Earlier this year I co-authored a report arguing that Congress should enact a 25-year spending plan for major entitlements, including Medicare and Social Security, together with a firm funding plan to cover their cost. The plan could be modified every four years if the votes were there for a new plan, but otherwise it would be the default budget for these major programs. Although there is little prospect of anything that radical being attached to a debt limit bill this year, tucked within the proposal is an idea that just might gain traction on both sides of the aisle.
The idea is for CBO to assemble and publish a Quadrennial Report on Major Priorities and Goals. It would be modeled on the Quadrennial Defense Review, which maps out US strategic defense objectives and threats, and our capacity to address them. The Report would project the fiscal impact on long-term deficits and debt due to the major entitlement programs. It would do the same for the trends in major “tax expenditures” – the special tax breaks, like the mortgage deduction, that are actually very similar to entitlement spending.
The Report would also indicate the fiscal risks facing each of these programs to assess whether they could deliver their promised commitments – essentially a “stress test” for programs like Social Security and Medicare. Based on this year’s Social Security Trustees Report, such a test right now for Social Security would show its reserves plunging into the red by 2034 and that, to assure permanent solvency, there would need to be a large payroll tax hike or benefits would have to be cut by 23 percent that year.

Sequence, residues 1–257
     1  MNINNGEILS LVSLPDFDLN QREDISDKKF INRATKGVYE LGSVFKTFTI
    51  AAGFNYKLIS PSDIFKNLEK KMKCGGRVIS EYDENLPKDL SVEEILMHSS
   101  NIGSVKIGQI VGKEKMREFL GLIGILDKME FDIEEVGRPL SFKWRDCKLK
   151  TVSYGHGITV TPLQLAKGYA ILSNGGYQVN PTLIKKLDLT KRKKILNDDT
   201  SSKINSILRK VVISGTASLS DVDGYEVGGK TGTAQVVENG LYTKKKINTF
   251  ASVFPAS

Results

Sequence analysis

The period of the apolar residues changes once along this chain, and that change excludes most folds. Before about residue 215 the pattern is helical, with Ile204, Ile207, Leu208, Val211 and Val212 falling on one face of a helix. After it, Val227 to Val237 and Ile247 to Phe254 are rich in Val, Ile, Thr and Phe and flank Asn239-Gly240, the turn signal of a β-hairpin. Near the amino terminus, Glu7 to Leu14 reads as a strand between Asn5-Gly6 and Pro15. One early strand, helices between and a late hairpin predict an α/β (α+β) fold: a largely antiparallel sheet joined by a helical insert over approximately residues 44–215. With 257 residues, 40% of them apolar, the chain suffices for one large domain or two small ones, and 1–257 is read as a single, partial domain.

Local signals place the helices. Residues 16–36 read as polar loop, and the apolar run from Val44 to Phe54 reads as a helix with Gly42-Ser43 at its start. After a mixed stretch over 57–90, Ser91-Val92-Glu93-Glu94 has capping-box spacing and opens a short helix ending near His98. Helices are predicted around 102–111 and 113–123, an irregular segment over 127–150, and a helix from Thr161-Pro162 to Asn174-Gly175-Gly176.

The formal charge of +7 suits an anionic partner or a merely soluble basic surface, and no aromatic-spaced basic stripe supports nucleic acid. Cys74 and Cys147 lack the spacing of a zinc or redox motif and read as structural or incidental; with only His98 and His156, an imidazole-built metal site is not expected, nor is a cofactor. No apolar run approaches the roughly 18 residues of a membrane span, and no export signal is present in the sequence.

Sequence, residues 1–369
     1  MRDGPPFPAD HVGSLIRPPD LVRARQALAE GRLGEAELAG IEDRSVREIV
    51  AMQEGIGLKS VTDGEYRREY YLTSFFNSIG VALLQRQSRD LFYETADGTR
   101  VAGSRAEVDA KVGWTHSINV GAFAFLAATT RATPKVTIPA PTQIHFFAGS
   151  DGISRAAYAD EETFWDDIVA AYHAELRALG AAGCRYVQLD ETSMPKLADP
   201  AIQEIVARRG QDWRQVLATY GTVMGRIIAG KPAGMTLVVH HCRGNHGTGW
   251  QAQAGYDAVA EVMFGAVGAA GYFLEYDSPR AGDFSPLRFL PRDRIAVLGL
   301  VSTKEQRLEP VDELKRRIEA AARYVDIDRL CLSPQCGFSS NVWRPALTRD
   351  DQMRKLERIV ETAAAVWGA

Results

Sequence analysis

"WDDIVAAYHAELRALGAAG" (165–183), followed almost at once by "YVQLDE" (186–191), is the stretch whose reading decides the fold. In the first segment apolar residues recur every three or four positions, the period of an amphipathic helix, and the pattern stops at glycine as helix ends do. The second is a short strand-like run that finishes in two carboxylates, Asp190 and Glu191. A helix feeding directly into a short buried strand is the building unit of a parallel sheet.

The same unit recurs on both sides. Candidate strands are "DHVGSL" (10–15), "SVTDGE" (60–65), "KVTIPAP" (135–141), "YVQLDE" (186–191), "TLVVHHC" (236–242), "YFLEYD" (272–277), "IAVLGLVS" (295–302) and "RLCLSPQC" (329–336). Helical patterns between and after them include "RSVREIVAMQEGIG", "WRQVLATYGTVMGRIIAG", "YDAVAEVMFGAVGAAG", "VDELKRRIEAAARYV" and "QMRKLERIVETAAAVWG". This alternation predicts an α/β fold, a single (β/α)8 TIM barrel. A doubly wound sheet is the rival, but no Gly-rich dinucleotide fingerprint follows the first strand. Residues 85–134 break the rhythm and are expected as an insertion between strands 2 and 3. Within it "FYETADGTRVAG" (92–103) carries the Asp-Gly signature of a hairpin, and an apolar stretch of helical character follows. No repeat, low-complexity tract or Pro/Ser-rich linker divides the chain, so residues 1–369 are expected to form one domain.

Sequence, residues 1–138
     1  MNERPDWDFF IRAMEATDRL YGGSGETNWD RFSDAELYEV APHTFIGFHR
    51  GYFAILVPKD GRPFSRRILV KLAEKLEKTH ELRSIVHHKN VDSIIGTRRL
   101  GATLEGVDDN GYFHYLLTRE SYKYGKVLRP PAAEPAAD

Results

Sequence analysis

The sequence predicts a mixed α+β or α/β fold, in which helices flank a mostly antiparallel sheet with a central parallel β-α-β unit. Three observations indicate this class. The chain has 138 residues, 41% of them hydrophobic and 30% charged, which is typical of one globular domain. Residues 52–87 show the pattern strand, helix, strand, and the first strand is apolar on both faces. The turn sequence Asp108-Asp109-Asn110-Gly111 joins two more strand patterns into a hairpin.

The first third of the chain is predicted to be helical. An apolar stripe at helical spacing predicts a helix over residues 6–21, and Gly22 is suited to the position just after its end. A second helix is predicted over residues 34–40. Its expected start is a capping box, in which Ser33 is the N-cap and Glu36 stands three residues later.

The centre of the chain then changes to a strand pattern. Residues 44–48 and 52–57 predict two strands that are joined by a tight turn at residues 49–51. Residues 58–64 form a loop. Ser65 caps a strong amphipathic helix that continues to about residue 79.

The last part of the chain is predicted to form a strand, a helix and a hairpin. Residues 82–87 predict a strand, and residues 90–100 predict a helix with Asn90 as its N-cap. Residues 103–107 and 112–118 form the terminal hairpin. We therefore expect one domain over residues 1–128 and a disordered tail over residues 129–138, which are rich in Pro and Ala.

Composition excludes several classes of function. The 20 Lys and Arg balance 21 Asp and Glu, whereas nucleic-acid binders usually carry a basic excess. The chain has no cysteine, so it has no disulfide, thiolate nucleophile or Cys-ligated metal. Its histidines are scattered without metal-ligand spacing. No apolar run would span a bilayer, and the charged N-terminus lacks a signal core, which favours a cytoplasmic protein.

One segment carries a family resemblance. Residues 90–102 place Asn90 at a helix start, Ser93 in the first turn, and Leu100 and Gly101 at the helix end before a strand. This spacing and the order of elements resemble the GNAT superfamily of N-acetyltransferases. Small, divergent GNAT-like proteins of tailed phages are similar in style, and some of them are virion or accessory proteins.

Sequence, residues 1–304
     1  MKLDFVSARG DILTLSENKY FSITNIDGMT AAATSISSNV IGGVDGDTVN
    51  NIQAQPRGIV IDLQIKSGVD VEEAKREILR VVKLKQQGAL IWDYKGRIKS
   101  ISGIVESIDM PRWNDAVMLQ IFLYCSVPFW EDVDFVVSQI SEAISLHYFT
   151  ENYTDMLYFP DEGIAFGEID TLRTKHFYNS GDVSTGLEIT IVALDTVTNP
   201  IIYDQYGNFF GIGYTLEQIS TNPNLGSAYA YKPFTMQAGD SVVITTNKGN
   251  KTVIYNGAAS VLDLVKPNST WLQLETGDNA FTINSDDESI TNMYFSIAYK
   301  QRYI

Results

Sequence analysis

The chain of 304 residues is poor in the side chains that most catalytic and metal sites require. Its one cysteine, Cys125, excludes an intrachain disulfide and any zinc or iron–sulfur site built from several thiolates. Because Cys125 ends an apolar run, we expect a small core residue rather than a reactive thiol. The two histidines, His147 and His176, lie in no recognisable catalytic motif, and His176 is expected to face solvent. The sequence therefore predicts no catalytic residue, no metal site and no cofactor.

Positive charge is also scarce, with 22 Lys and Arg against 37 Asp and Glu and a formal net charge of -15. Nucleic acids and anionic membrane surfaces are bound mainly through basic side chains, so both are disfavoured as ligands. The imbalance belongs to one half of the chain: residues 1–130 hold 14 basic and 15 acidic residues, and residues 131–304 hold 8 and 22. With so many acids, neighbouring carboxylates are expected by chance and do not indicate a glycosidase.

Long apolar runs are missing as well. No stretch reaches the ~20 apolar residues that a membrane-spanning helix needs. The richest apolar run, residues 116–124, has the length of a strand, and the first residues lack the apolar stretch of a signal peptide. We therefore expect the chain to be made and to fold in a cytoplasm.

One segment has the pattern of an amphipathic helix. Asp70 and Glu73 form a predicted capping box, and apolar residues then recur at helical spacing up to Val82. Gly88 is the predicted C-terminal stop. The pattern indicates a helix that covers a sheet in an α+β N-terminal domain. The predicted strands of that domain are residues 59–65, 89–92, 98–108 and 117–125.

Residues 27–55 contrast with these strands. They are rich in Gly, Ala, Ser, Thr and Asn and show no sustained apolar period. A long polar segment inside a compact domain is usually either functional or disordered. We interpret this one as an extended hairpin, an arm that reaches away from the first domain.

While such information is already collected and published in some form, it appears in bits and pieces and in different places at different times. So press stories tend to be buried or short-lived. The purpose of developing a Quadrennial Report is to raise the public profile and impact of the information, by pulling all the key data together in one place, in a form that is easily accessible to the public, and issuing it at a strategic political time just once every four years. The ideal timing might be the January of each presidential election year, in order to force the long-term budget picture into the debate during the presidential and congressional elections. Ideally, the law creating the Report would also require at least a special congressional resolution responding to the Report. So lawmakers up for election would have to go on record on such things as whether they are content to see Social Security cut sharply in the future and, if not, to indicate their proposed solution.
The aim of a modest step like this is to build into the budget process a feature that focuses attention on the long term. Over time, that could change the underlying political conversation, making it a bit more likely that we will address the issues that drive deficits and our mounting debt – well before they reach crisis levels and our options become very limit and painful.